A long time ago, we visited Grandma and Grandpa, and Grandpa showed us the new carvings he'd been working on. Visiting Grandpa's shop was always memorable for me, and as he showed us the bigger, more sophisticated pieces, my unsophisticated eye was caught by a small carving, maybe three inches tall, a little blue jay. More stylized than realistic, and painted, unlike most of his pieces. A simple little thing, but I fell in love.
I asked Grandpa what he was going to do with it, and he smiled and said he didn't know, and I could tell he knew I wanted it. I didn't want him to think I was greedy, and I don't think I could ever ask an artist to give me even the smallest work of his hands. We went home, and I put it out of my mind. When I unwrapped my present from Grandpa the next Christmas, and I saw that little blue jay carving, I don't think I've ever had a gift that made me happier.
Grandpa died back in 1998. When I got the news, time stopped. I hung up the phone and walked to the window. They were unremarkable moments, everything my eyes fell upon were things I'd seen every day. I looked out of my apartment into the courtyard, and heard the call of a blue jay. I stared blankly into the sunlight, my mind empty, and the jay fluttered down onto the sidewalk, the sunlight irridescent on wings like lapus lazuli. He looked at me looking at him, and cocked his head, hopping a bit, then he flew away as my eyes filled with tears.
Ever since then, blue jays bring Grandpa to mind. Daddy died on the same day, four years later. The pair of jays that nest outside my window at work give me pause every time I see them.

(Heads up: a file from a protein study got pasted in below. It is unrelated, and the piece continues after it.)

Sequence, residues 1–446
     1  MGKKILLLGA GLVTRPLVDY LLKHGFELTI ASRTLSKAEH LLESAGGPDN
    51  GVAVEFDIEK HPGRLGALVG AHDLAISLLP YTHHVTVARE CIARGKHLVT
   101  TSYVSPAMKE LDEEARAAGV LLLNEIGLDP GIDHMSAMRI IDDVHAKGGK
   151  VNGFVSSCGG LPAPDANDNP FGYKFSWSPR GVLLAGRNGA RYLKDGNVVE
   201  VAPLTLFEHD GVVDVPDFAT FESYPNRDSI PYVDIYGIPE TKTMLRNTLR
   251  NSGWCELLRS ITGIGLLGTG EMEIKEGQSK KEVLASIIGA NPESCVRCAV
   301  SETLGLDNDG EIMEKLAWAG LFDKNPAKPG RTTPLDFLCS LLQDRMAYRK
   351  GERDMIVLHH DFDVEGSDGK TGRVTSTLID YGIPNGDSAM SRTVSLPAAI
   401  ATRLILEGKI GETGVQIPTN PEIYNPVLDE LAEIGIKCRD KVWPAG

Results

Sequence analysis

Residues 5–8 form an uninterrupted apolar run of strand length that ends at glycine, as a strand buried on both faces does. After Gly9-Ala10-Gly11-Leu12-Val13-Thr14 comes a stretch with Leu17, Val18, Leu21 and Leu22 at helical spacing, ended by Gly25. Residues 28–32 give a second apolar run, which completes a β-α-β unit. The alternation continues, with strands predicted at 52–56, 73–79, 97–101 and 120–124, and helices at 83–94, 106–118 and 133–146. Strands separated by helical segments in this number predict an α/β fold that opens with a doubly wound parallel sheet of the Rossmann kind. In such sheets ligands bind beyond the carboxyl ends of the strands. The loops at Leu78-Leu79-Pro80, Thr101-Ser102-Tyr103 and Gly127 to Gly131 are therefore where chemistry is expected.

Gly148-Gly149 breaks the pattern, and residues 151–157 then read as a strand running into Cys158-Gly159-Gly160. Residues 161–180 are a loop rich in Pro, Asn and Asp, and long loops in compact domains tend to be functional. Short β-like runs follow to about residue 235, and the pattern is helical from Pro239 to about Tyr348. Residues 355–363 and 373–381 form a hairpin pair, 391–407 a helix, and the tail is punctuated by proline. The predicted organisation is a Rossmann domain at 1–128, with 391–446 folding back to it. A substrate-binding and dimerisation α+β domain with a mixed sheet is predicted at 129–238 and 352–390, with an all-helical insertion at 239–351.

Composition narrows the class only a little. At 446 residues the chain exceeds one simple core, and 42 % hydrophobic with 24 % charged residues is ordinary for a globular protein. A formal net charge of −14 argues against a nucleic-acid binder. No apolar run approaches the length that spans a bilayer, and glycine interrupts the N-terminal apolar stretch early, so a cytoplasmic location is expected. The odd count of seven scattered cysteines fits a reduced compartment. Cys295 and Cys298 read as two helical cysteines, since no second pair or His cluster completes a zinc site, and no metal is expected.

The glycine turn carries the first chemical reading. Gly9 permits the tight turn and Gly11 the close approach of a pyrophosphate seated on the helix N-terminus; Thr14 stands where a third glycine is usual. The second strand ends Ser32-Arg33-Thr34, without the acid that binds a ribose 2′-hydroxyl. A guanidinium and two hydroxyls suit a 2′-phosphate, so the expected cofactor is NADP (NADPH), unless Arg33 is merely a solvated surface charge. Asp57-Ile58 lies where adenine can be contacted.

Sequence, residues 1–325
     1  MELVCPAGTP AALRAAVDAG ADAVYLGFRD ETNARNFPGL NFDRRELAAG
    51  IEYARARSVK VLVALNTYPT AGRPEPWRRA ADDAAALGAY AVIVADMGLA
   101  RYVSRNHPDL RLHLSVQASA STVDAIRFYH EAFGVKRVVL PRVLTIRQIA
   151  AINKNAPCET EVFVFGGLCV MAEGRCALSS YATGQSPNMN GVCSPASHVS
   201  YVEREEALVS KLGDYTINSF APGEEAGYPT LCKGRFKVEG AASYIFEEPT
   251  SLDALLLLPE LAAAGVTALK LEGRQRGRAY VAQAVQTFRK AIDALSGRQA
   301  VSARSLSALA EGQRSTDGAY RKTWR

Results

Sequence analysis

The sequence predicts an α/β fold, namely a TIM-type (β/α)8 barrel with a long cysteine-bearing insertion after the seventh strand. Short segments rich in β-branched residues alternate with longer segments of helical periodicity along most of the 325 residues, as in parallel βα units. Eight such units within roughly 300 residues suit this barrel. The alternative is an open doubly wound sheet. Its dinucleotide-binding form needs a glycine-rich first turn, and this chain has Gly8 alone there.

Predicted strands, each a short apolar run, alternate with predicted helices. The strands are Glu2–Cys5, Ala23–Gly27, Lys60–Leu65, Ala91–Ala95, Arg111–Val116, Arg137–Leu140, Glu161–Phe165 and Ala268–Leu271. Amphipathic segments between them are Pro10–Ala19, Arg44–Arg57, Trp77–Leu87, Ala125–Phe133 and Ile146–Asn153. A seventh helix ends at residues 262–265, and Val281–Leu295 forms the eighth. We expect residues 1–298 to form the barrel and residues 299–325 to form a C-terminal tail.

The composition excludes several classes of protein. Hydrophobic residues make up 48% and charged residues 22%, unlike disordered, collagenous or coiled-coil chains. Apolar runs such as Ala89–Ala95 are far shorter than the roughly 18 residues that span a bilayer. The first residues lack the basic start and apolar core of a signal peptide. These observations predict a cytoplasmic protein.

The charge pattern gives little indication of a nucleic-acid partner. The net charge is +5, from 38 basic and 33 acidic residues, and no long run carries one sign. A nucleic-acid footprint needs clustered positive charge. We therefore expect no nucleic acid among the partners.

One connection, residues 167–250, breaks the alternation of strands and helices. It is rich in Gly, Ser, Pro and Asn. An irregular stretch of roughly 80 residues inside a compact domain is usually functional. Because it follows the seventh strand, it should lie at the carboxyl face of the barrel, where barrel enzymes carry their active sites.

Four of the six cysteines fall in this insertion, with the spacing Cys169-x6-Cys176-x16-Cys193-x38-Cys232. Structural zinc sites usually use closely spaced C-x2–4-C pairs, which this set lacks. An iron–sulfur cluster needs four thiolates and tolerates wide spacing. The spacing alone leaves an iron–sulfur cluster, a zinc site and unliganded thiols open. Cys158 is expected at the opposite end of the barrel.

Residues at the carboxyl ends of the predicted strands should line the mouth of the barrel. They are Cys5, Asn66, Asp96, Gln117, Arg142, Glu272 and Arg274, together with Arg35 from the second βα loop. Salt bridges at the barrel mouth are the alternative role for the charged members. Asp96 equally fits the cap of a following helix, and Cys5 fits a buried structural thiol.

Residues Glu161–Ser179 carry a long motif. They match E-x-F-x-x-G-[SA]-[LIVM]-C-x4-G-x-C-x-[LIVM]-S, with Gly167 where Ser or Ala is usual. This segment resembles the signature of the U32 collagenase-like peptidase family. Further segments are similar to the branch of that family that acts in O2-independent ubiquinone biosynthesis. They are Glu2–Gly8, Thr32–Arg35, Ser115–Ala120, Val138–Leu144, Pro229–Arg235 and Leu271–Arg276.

A few years ago, when Mom was moving to Schertz, one of the dogs got into one of the cardboard boxes, and one of the things in that box was my blue jay. Mom tried to glue some of the broken off splinters back, but finally asked if I just wanted her to send it to me. I said that would probably be best, but when I saw it, all I could do was cry and put it back in it's wrappings.
The second and third times weren't much better. But finally I was able to take a look at the damage and Mom's repair. Most of what she'd done I decided I'd need to undo, so I started in with an exacto-knife. I cut away the glue and shaved some slivers off some of the edges so they'd fit better. I glued the tail back together, and set it aside. I wasn't sure how to proceed, and it was still pretty emotionally draining work.
Yesterday I was putting some things back in the tool box that we'd used in setting up the new TV. And I saw the wood glue. And I got an idea.
I pulled out some tooth picks, put down a paper towel, and started dripping wood glue into the cracks where things had to be glue back, and to fill the pits where Ollie's teeth crushed in the wood. The glue softened the wood some and I was able to push some things back into place. Today I pulled down my acryllics and my brushes and began to paint over the glue.
I'm not the artist he was; I haven't put in the time. And I don't have the paints he used so I couldn't match the colors just right. But you'd have to look a lot closer to see the damage now. It's fixed, and I can display it with his other carvings. It means so much to me, and I'm so happy I'm crying. :-P
I was talking to Tim last night about my repairs, and I asked him, at what point, as I poke and prod and glue and paint, does it cease to be my grandfather's work?
Tim answered, "It's a collaborative art project between your grandfather, you...
"and your mother's dog."